B. Land Ownership Systems
Traditional land ownership involved a sharing system between the “baknangs” and their kin that guaranteed mutual responsibilities for the land, the produce and the animals. (Footnote the cultural fallout by Ruth Alcantara).
Under the Ibaloy custom, the land was the property of the person who worked it first, except forestland, which though restricted in certain areas, was communally owned. (Discussed in detail in forest management). Under the kankanaey custom, accounts related that an ibadoy in palew, pointed out a parcel of land to which they (kankanaey) would inhabit, which is located in Ambassador, of which to date, their populace increased.
For the Ibaloys, “tawid” (inheritance) is the common distribution of property to the children. A bigger portion is given to the youngest child with the condition that he/she is expected to stay with the parents and take care of them. “Ita-kem sha si nanang tan tatang sha”. Same with the Kankanaeys.
It is true with the kankanaeys in tubday, “tawid “ (inheritance) is the manner of ownership. However, land transfer within the family follows some specific form. The eldest and the youngest members of the family get a wider portion of the land. The educated member of the family gets lesser part of the inheritance than the uneducated.
For the Ibaloys, modes of acquisition is in any of the following:
Dagbo – a form of payment for labor.
Daho – lots are being sold to relatives or to the other residents of the barangay.
Salsha or Salsha-tungkal – a form of acquiring land through an agreement with the involvement of money. The first agreement is through “salsha”, after sometime, it will be considered sold if the borrower was not able to pay back the amount on the time frame agreed.
Sa-dat ni nay uhat - Form of land acquisition, in cases of death where in the family concern cannot provide animals or materials to be used in performing the rituals, a family kin or any individual within the community is asked to give what is needed (“mangi uhat”) such as animals to be butchered or any other materials to be used for the death ritual, with the lot of the dead person as payment.
“Sinadat” (Barter) – expensive farming equipment like “bareta”, “pala”, “arasho” and animals are being bartered with a piece of land.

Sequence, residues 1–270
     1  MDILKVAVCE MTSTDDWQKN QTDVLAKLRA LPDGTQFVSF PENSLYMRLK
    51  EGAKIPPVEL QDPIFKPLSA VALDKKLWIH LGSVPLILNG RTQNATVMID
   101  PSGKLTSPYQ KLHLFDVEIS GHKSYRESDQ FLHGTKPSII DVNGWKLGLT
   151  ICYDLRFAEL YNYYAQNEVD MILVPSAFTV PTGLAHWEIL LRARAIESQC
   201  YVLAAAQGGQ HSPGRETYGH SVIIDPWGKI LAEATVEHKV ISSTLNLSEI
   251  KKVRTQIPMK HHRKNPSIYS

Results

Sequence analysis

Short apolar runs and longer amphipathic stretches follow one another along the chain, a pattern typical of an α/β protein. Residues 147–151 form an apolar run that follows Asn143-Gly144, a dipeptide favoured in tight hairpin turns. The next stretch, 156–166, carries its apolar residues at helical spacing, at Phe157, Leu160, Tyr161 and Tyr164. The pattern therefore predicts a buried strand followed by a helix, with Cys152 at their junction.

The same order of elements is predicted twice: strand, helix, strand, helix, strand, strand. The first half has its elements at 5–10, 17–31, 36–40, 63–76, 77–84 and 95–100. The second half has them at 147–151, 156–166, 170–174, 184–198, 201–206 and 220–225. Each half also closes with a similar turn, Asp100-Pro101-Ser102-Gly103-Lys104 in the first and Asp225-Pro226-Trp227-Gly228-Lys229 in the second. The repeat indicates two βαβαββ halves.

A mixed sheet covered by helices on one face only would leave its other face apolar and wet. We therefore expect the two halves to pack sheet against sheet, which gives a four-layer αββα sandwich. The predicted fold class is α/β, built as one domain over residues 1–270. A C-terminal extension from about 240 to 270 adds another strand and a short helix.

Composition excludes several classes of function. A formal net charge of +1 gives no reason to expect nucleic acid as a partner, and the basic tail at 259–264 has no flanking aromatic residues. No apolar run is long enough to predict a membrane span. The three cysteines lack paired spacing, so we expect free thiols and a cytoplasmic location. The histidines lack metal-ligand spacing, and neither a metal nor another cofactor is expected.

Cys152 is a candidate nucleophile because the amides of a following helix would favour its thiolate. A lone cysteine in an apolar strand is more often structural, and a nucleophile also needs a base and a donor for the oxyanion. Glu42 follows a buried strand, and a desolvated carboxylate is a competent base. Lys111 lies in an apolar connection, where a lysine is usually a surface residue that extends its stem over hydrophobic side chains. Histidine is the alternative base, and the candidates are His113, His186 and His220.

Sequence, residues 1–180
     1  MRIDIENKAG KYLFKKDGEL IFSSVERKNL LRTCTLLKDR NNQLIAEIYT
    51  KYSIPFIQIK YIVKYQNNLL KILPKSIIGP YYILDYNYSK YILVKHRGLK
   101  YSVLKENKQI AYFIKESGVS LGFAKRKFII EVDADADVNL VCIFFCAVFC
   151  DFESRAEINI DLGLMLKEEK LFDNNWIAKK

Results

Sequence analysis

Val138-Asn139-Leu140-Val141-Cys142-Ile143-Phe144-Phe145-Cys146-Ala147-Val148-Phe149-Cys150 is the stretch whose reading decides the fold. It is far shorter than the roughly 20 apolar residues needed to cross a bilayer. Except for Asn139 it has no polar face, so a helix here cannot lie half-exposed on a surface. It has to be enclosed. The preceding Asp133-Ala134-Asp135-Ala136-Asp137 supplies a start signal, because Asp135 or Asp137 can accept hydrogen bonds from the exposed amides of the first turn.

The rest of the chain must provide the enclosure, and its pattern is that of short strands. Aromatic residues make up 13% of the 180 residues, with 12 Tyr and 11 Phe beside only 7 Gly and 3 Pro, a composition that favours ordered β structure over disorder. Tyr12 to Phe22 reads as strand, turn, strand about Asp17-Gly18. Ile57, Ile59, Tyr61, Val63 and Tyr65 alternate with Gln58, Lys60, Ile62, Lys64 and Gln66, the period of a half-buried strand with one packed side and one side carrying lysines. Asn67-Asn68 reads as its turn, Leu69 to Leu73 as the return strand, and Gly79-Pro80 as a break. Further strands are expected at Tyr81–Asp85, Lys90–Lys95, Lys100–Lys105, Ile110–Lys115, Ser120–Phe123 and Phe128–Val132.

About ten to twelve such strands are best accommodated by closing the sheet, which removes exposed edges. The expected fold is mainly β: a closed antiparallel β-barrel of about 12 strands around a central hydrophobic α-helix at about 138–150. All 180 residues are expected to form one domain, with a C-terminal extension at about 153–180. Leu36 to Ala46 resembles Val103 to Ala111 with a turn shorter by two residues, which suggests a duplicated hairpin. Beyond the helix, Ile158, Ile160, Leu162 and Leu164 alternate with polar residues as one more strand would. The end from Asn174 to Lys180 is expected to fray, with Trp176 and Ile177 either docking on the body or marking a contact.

“Kinaba” – a piece of land declared by an individual as his own hence he was the very first who introduced improvements and developments. These serve as proof of ownership. The more industrious the IP is, the more he can have “kinaba”.
As for the kankanaeys of Tubday, they acquire their lands through the following modes:
lnobla/pinanad. The first to work or settle on a vacant piece of land gets to own the land. And proofs of ownership are improvements and developments the owner has introduced into the land. These include fencing and building canals for a pastureland and terracing for rice fields.
lnsukat or lnbalintan. This is a barter system through which a piece of land may be exchanged for an animal or another piece of land.
Tawid. This is an unwritten customary law governing succession of properties. It is, in other words, an inheritance system.
Gisda/Gisseng. A lending agreement under which a piece of land becomes the collateral for an amount of money borrowed. Under the agreement, the land is considered sold if the borrower cannot return the money on the agreed time.
Pugo. This refers to selling lands in cash.
Salda/benben. This is a type of loan, which needs a witness. Both parties usually seal their transaction with a cup of tapey or rice wine. Priority for the loan is the nearest kin and neighbors if nobody from the kin will get it.